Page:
Storing silicone molds with desiccant?

Discussion in 'Replica Props' started by msleeper, Jul 23, 2015.

  1. msleeper

    msleeper Sr Member

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    I've got a question for anyone whose workshop gets super humid like the space where I work at.

    Would it be harmful to keep my molds stored with silica desiccant? I'm keeping them in ziplock bags to keep ambient dust off of them, and with the rain and general humidity here in Georgia, I want to protect them as best I can. The workshop at the space I'm a member of is basically a warehouse, so it's super hot and humid in the summer. It's probably over kill, but I have a ton of desiccant for storing 3D printer filament.

    If it matters, most of them are tin-cure (Mold Max specifically).
  2. robn1

    robn1 Master Member

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    I was waiting for replies from someone who knows, but since none have come forward I'll mention my uninformed concern: desiccant may dry out the oils in the silicone. I don't know if this is the case but I'd at least test it first.
  3. metamorphicsfx

    metamorphicsfx New Member

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    All of my molds are silicone with either fiberglass or MDF casings, I've stored my mold in the attic for the past 14 years, -30f to 40f. Moisture has never been an issue, as long as you make sure the mold is dry before you cast your urethane, which can be moisture sensitive, there should be no problem. If your casings are made of plaster moisture might be a problem with mildew, but the silicone will never be affected.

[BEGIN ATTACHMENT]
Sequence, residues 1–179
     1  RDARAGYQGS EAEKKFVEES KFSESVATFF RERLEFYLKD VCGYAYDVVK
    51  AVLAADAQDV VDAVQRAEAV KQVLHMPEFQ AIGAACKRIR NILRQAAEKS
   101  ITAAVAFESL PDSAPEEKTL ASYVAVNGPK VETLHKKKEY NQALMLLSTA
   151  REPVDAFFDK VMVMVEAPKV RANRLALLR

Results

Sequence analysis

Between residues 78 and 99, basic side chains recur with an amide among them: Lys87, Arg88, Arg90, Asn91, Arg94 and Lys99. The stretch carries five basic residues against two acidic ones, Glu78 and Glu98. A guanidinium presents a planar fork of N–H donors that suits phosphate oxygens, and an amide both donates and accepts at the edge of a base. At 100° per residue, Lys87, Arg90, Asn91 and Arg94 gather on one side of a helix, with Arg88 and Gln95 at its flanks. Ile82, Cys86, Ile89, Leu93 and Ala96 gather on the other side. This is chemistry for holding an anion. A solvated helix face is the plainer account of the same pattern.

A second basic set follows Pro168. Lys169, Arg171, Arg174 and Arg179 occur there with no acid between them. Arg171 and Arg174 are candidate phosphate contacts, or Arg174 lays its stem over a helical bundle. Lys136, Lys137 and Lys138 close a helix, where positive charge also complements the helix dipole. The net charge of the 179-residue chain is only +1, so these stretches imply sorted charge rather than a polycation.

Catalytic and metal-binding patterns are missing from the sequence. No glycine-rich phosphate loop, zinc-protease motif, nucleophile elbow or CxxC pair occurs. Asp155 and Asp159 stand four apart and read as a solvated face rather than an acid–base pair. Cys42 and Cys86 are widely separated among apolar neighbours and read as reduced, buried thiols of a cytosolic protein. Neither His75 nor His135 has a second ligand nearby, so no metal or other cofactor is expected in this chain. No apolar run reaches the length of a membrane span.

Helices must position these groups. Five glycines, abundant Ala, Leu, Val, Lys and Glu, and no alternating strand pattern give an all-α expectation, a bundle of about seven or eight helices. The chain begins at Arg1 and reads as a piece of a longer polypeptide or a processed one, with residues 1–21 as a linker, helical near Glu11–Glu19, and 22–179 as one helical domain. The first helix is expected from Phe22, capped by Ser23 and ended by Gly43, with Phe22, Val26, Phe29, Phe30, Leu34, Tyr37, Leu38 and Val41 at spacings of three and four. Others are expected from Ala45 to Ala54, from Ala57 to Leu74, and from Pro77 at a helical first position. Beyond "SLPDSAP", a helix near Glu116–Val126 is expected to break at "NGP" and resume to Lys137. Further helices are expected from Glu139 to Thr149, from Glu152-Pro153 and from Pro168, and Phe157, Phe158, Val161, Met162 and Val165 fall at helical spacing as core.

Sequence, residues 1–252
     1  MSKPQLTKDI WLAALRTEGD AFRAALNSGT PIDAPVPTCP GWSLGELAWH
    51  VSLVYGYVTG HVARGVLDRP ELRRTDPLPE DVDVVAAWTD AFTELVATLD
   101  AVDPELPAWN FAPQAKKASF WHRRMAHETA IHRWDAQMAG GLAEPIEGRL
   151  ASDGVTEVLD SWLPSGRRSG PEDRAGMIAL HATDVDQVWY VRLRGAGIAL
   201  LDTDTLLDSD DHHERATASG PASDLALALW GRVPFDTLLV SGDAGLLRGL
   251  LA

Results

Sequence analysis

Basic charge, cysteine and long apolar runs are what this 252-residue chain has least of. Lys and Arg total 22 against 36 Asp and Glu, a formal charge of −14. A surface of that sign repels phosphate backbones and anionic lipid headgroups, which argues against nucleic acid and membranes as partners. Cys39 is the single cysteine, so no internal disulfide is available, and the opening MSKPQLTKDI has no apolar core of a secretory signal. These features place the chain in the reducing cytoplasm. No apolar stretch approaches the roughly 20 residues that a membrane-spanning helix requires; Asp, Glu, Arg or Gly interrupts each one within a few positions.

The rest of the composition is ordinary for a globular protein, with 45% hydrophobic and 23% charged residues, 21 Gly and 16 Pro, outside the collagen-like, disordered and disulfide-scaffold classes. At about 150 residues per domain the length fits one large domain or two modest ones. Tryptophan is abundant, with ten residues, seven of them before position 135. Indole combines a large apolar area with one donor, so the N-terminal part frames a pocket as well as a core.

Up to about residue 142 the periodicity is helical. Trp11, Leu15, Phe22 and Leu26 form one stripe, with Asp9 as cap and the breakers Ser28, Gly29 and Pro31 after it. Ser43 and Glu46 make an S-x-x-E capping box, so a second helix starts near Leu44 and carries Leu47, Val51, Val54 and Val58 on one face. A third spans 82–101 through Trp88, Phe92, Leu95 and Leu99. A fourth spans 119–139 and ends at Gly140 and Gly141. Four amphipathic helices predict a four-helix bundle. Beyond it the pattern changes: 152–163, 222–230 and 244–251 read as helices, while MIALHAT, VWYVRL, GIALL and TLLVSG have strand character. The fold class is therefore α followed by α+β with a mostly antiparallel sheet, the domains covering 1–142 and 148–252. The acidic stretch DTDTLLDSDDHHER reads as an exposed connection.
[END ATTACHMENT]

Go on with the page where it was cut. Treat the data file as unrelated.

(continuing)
I agree that putting the silica directly on the silicone could rob it of its oils.
  4. TazMan2000

    TazMan2000 Sr Member

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    The oils will leach out over time anyway, but using desicant may speed up the process and prematurely age your molds. A zip lock back or a plastic icecream pail will do well. I would think that storing molds at room temperature would probably be the be the best for them. Leaving them in the garage or attic where they might experence extremes in temperature probably won't be good for them, either.

    Just my two cents.

  5. msleeper

    msleeper Sr Member

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    Thanks guys. I'll stick to keeping them in ziplock bags. I might do a test the next time I'm pouring silicone, make a small throwaway mold of something and stick it with some desiccant and see how it acts long term. Science!

    Right. Long term, they do wind up in a temperature controlled storage unit. The ones I'm working with right now I am casting out of on a fairly regular basis so I'm keeping at the workshop, and as a result they're sitting in the hot and humid environment in between casting days. I do keep my unused silicones and resins in the temperature controlled chemistry lab, since I know from experience heat/humidity can kill unused resin.

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